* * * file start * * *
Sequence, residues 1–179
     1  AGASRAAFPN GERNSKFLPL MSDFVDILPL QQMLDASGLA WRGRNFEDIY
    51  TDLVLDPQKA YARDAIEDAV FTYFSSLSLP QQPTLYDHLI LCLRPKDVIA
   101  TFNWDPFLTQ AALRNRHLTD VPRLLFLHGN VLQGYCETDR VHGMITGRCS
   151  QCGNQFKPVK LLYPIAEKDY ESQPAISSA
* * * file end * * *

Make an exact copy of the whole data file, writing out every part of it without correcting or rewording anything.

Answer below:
Sequence, residues 1–179
     1  AGASRAAFPN GERNSKFLPL MSDFVDILPL QQMLDASGLA WRGRNFEDIY
    51  TDLVLDPQKA YARDAIEDAV FTYFSSLSLP QQPTLYDHLI LCLRPKDVIA
   101  TFNWDPFLTQ AALRNRHLTD VPRLLFLHGN VLQGYCETDR VHGMITGRCS
   151  QCGNQFKPVK LLYPIAEKDY ESQPAISSA